Every year faithful Christians struggle with the rush and distraction of holiday preparations and long to take a moment to slow down and reflect on the real meaning of the season. It is an especially difficult struggle for Orthodox Christians as we are prescribed by Mother Church to fast in our preparation to meet the newborn King in his Nativity. The Lenten Fast by comparison is somewhat easier in the sense that the season is already more austere in the wider culture (everyone fasting in the springtime, if for no other religious reason, so that they can fit into summertime bathing suits). The weeks leading up to Christmas in America are anything but austere. Between Christmas parties at work, holiday concerts galore, and the extra latte at Starbucks to keep up our shopping stamina, few things in the broader culture give us pause to stop and reflect on our eternal destiny with one amazing exception, Charles Dicken’s classic Christmas ghost story, A Christmas Carol. Continue reading
Here is a small composition I made about the character of Scrooge in Dicken’s Christmas Carol. We are reading it in our Home School. Enjoy! Continue reading
On this Clean Tuesday of the first week of Great & Holy Lent, I would like to share with you three things that have helped me in the work of repentance. The first two are quotes from my favorite writers, both of which make me choke up whenever I remember them. The last is a sermon I delivered a few years back on the liturgical anniversary of this day. It speaks mostly of the Canon of St. Andrew which the Church gives us as an aid for compunction. Continue reading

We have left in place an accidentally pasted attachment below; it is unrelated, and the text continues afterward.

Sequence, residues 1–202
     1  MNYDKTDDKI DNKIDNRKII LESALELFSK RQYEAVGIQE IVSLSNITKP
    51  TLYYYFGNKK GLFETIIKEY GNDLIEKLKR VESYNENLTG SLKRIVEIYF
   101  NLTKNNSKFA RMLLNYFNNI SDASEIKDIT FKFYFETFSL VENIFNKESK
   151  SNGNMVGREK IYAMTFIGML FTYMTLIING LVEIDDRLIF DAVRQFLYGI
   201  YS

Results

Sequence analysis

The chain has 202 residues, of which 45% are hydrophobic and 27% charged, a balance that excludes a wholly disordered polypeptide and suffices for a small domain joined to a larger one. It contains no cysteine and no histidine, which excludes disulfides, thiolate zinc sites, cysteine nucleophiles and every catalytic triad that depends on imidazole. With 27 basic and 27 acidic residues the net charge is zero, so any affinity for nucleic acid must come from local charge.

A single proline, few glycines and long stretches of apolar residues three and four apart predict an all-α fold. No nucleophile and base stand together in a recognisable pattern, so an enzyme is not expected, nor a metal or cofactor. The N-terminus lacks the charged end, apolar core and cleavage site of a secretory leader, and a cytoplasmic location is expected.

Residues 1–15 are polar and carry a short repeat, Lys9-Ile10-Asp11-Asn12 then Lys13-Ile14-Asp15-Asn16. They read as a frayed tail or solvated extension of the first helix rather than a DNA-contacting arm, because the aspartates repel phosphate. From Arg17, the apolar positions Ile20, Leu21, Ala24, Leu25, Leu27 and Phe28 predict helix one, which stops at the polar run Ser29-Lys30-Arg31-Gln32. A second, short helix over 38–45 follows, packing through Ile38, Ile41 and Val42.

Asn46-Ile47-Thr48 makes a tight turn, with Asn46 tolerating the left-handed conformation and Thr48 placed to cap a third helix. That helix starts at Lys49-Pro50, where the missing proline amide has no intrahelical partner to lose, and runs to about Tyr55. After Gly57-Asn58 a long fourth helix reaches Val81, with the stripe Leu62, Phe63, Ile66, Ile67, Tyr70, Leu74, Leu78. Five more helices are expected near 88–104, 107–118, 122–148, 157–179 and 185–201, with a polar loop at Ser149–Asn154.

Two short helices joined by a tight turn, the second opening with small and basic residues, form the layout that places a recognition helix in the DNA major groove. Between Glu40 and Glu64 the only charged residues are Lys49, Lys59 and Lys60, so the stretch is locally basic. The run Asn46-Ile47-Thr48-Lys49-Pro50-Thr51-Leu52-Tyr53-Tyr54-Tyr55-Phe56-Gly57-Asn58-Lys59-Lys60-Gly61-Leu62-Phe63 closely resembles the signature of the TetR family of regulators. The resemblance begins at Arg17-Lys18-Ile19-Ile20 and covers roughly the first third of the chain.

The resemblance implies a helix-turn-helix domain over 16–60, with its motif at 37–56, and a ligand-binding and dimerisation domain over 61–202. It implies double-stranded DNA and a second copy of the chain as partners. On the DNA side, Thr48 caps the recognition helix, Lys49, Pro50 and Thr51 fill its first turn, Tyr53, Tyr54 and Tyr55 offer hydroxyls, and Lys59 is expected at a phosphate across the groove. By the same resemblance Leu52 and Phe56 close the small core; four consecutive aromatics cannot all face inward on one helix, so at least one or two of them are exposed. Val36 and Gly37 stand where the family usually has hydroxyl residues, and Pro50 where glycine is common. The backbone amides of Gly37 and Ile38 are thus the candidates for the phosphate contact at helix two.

There are many great classic Christmas specials I remember growing up. Most of them now are available on DVD or on some form of online streaming. I introduced my own children recently to one of my favorites, Rudolph the Red-Nosed Reindeer. In this particular story, there is a scene in which a distressed Santa Claus makes an announcement to all of his North Pole staff that due to inclement weather, Christmas this year would have to be cancelled. Of course, Rudolph with his nose so bright, saves the day and gets Santa to put his game face back on, but the thought that someone, even of Santa’s caliber, had the authority to cancel such an extraordinary feast sent shivers down my prepubescent spine. Continue reading
Today we celebrate simultaneously the birthday of my father-in-law and the anniversary of the day he first met his future wife and our baba so many years ago. I hear a toast this evening at dinner that I have never heard before: “Here’s to finding or discovering a path/road for our life.” (za zheezin na darogu in Russian) Continue reading